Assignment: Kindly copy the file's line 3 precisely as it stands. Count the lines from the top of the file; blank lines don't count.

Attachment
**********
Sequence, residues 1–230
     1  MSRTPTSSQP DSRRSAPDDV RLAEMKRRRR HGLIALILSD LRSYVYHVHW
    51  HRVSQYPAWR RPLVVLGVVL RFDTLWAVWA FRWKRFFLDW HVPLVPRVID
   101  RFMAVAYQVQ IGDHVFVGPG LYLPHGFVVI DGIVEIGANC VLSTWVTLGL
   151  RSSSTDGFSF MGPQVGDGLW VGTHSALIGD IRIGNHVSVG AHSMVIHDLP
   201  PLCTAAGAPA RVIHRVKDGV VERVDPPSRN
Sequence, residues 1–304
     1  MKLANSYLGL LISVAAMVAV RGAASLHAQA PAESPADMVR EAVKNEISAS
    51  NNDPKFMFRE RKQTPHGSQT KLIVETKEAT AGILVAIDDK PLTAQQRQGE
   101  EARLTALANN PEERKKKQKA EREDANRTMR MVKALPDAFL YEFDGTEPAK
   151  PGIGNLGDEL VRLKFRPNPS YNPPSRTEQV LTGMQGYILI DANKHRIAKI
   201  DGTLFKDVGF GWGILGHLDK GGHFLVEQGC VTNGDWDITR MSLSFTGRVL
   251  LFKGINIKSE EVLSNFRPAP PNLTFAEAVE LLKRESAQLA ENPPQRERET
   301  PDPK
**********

    51  HRVSQYPAWR RPLVVLGVVL RFDTLWAVWA FRWKRFFLDW HVPLVPRVID